Body Oppression Teach-In/Santa Rosa, California

Debbie says

On Monday, November 16, at 7:00 p.m., Laurie and I will be the featured speakers at a body oppression teach-in sponsored by Occupy Sonoma County. If you are anywhere near Santa Rosa, California, please join us at the Peace and Justice Center of Sonoma County,  467 Sebastopol Avenue. (Donation requested.)

Here’s an (unpublished) article I wrote to offer some context for the teach-in:

nude from Women En Large

Perhaps the only thing that all human beings have in common is that each and every one of us lives in a body. Until the bioengineers figure out a way to upload our brains into the cloud, that’s going to stay true.

So what is “body oppression”?

If you are treated less well than other people because of something about your body, that’s body oppression. If a store detective follows you around because your skin is darker, and/or you are younger, that’s body oppression. If you can’t get into a building because your wheelchair doesn’t climb stairs, that’s body oppression. If your doctor makes assumptions about your health based on your size, that’s body oppression. And if you learn to shame yourself because of the body you live in, that’s internalized body oppression.

In other words, body oppression is everywhere. Almost all of us know what it feels like to be oppressed because of our bodies, and most of us know what it feels like to internalize that oppression and blame ourselves.

Resistance to body oppression is both individual and collective, both private and organized; however it forms, it always relies on each of us learning to accept our own bodies, live in our own skin. The cosmetics manufacturers and the beauty corporations have co-opted this message into “Love Your Body,” but Laurie and I are working towards something much richer, more complex, and more powerful than a smooth skin campaign.

nude from Familiar Men

Working with Laurie’s stunning black-and-white photographic images of bodies – fat female bodies, male bodies, bodies of women who live in Japan – and with accompanying text which encourages the viewer not to trivialize those images. We don’t want the portraits of fat women to be simplified to “yes, those bodies were beautiful in another time,” so we provide text that demonstrates her as powerful in the tradition of fat liberation.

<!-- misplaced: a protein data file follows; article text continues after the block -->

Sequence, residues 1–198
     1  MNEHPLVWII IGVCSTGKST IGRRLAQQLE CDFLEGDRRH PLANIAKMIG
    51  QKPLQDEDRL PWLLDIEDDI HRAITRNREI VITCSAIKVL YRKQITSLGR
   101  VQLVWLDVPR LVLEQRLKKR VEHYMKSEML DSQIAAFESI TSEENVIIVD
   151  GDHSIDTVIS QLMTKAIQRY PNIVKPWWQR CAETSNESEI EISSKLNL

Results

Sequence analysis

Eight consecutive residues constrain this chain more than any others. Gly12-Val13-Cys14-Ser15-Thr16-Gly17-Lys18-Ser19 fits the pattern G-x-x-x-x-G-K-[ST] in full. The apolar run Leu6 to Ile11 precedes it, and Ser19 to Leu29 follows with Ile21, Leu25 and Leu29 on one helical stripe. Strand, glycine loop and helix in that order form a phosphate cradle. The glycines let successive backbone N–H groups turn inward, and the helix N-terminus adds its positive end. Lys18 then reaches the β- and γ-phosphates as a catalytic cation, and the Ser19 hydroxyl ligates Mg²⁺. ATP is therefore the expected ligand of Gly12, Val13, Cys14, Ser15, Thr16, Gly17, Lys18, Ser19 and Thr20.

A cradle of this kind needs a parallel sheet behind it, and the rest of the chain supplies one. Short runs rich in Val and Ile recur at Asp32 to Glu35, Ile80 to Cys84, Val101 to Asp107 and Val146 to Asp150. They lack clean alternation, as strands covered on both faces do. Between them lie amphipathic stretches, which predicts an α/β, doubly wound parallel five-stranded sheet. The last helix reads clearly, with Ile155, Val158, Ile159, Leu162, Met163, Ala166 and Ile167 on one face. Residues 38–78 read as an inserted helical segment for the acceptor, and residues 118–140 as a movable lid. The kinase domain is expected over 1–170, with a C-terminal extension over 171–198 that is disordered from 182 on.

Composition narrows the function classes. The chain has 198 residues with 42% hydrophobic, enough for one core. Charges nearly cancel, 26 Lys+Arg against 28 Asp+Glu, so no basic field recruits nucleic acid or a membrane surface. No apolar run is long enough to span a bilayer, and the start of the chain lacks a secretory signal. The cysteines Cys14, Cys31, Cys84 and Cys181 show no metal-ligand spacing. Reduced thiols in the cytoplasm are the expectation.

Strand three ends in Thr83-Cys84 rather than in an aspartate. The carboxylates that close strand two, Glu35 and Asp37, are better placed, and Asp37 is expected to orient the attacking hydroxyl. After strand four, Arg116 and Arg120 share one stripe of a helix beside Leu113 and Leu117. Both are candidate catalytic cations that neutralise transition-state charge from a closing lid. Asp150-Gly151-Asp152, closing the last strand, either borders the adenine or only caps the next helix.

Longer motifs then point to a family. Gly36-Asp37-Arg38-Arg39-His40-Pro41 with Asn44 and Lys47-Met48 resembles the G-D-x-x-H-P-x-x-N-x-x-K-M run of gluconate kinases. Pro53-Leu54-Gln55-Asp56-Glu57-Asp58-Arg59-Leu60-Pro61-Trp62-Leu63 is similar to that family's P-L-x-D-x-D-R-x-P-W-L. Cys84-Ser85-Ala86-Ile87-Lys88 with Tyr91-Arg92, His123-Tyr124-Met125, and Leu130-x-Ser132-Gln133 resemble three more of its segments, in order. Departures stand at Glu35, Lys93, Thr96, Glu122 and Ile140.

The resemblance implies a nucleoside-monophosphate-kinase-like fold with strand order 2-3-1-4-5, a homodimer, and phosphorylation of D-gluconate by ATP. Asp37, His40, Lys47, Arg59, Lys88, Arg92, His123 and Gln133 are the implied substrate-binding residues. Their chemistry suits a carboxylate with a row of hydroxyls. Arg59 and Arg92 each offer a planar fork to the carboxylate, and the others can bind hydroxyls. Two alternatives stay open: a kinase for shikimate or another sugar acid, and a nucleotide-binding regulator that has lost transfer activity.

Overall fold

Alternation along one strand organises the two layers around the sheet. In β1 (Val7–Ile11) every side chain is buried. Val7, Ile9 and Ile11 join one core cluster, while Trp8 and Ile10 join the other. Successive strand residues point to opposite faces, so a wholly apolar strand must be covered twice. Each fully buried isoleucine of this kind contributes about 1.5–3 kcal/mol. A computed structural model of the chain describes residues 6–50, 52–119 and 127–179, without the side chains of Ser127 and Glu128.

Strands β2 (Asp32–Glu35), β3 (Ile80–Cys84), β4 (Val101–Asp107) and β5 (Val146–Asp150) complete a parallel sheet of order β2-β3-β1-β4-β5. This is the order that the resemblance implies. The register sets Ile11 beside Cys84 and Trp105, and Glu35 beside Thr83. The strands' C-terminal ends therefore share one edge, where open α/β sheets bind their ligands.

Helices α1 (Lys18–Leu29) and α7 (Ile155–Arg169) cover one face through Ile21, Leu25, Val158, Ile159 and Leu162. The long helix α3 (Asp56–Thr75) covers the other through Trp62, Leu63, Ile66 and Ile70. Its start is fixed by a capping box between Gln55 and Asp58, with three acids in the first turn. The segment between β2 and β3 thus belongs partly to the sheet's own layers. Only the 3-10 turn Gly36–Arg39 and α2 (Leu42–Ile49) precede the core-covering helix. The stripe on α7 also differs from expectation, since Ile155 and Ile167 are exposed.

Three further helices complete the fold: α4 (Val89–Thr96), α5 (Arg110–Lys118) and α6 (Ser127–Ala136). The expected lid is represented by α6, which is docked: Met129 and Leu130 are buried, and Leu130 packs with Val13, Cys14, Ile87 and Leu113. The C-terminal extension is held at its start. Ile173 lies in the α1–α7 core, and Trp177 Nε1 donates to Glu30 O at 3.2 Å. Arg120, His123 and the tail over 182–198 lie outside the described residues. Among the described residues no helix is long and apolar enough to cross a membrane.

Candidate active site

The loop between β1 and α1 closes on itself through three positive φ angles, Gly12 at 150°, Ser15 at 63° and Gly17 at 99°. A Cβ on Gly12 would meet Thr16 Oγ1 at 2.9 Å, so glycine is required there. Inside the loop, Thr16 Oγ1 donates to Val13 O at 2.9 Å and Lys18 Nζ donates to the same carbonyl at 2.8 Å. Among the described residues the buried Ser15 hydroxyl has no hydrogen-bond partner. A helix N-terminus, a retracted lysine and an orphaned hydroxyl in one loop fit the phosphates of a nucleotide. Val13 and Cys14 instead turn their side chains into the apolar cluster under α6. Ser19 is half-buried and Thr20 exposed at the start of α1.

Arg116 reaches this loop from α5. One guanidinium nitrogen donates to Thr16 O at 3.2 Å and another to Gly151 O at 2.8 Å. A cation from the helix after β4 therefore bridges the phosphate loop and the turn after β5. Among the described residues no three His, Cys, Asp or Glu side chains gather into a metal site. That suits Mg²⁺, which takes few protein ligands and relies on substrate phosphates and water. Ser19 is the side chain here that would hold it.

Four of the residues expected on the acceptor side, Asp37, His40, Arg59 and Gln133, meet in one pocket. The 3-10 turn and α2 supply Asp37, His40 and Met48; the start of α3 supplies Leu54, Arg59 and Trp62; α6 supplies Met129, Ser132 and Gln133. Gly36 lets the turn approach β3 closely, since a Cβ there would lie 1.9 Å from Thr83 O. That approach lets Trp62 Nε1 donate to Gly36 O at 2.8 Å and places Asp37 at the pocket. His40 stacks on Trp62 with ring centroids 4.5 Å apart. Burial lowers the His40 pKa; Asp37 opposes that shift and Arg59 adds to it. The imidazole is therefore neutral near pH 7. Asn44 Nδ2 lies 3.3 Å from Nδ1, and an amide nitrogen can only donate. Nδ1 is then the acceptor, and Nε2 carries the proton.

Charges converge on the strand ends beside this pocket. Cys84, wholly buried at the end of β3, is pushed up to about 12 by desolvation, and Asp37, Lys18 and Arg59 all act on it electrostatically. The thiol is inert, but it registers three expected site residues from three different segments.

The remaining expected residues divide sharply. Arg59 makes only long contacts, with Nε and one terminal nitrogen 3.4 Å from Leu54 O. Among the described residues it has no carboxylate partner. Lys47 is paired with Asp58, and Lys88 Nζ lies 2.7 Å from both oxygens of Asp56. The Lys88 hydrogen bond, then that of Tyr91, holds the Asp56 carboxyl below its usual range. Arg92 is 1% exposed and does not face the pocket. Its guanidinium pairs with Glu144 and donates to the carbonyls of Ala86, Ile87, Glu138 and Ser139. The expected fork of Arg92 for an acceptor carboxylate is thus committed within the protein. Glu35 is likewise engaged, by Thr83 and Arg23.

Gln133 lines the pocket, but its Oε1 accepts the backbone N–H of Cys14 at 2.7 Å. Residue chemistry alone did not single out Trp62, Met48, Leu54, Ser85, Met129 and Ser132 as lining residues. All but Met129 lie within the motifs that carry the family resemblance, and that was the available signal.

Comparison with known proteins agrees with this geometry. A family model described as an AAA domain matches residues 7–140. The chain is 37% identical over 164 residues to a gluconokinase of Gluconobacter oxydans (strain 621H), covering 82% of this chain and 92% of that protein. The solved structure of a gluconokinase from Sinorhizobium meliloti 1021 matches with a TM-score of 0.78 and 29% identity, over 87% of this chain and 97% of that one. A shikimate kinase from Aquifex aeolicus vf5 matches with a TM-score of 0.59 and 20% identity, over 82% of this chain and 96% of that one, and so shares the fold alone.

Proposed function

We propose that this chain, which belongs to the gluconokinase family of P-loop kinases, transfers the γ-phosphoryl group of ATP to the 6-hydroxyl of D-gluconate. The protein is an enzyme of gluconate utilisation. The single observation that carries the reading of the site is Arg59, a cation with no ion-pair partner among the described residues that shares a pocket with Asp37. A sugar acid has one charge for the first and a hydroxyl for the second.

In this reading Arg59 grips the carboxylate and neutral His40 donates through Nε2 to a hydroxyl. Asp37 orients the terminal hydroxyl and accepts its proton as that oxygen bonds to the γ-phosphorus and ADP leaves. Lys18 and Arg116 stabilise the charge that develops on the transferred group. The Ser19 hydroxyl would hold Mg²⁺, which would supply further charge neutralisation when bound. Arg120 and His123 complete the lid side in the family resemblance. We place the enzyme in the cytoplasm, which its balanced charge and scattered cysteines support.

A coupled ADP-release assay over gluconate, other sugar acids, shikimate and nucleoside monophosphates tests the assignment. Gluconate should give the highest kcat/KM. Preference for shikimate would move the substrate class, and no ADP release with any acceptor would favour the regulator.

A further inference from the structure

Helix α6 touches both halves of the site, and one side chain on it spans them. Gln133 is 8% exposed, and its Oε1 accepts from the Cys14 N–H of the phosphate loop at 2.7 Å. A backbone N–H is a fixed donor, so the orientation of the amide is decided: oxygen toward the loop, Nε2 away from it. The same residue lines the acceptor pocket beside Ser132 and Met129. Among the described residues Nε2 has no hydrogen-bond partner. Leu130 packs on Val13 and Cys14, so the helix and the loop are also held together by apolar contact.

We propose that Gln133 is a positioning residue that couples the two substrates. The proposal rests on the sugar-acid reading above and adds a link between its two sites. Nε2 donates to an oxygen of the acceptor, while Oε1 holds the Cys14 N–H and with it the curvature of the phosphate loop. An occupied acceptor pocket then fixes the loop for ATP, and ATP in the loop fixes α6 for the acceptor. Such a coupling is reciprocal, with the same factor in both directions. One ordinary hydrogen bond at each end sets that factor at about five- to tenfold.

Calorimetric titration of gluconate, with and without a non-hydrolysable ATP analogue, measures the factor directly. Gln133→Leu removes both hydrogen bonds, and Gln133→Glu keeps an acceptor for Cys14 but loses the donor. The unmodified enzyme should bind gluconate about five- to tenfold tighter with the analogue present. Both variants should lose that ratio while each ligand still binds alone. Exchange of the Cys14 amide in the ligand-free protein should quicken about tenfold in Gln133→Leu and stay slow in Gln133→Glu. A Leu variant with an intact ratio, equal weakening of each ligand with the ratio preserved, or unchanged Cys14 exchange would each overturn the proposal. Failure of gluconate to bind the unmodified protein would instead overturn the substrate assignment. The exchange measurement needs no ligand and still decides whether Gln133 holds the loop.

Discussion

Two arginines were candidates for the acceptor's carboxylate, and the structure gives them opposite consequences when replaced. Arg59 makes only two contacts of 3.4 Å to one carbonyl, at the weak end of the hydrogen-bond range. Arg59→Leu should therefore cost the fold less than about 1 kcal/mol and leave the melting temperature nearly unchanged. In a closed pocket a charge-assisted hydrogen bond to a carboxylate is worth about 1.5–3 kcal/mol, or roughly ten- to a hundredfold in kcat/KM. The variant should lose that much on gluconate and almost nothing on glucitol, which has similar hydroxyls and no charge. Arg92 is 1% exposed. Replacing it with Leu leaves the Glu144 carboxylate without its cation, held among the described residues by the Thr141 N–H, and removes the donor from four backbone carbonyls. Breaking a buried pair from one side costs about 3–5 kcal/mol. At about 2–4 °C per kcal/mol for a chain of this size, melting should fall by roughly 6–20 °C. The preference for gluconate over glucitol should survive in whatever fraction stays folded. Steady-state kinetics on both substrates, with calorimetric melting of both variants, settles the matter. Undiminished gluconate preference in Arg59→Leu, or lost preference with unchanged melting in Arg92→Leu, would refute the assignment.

Resisting body oppression as an individual isn’t (necessarily) about loving your body; that’s great if it happens. It’s about the right to look in the mirror and see what you see, not what the world tells you to see. It’s about making the invisible visible.

Michelle, who blogs as The Fat Nutritionist, said it perfectly:

We need to be allowed to see ourselves as human, at any size, and to see ourselves represented alongside other humans. We need to be able to share our images in public, if we want, and push the recognition of our humanity. Mostly, we need to be allowed to have images of ourselves imbedded in our brains, alongside everyone else. When we see nothing but images of people who don’t look like us celebrated and represented by our own culture, little by little, it degrades our sense of being human. It is a form of systemic emotional abuse.

 Resisting body oppression collectively is about working together, about learning to notice who is being oppressed and who is oppressing, about fighting back, about demanding that every single one of us is treated respectfully and fairly. Over the last few decades, body image activists working together have changed the kinds of clothes that are available, the quality of medical information, the laws about seat belt extenders on airplanes, and much more. There’s so much more to change that sometimes we forget how far we’ve come.

Building collective resistance can only be done by adding more and more individuals to the group. The one thing that makes the invisible visible better than a photograph is a living, breathing person. Each victim of body oppression (fat, dark-skinned, disabled, or any or all of the above) who asserts their right to live fully is a harbinger of the world we all want to live in. Each ally who supports us is a bulwark of the effort.

Come talk with us at the teach-in. Uploading into the cloud isn’t happening any time soon; as long as we all have bodies, let’s learn to live in them well and to fight for what we deserve.


Photos of the National Museum of Modern Art Exhibition In Tokyo

Laurie says:

I’m really excited that 41,550 people went to the exhibition in Tokyo

Tomohiro Masuda, who co-curated the “No Museum, No Life?” exhibition, was kind enough to send me photographs of the Nude/Naked section of the exhibition that that included 4 of my photographs.  He wrote about me in the catalogue.



This is a view of the Nude/Naked section. Paintings on the wall include a Picasso and a Courbet.




This is the wall of photographs.  It’s contexted by quotes from Women En Large and  Familiar Men.  If you click on it you can see the individual photos better, but the focus isn’t ideal. Some of my photos can be seen here when I wrote about this earlier.



philliphuangand text


If you click on the picture above you can read Jonathan Katz’s text from Familiar Men.


DebandTracytext close


If you click on this one you can read Debbie Notkin’s text from Women En Large.

And finally this is a view of the whole section.


Tokyomusuemexhibit room1


I really wish I could have seen the exhibition, but it was great to get these photos.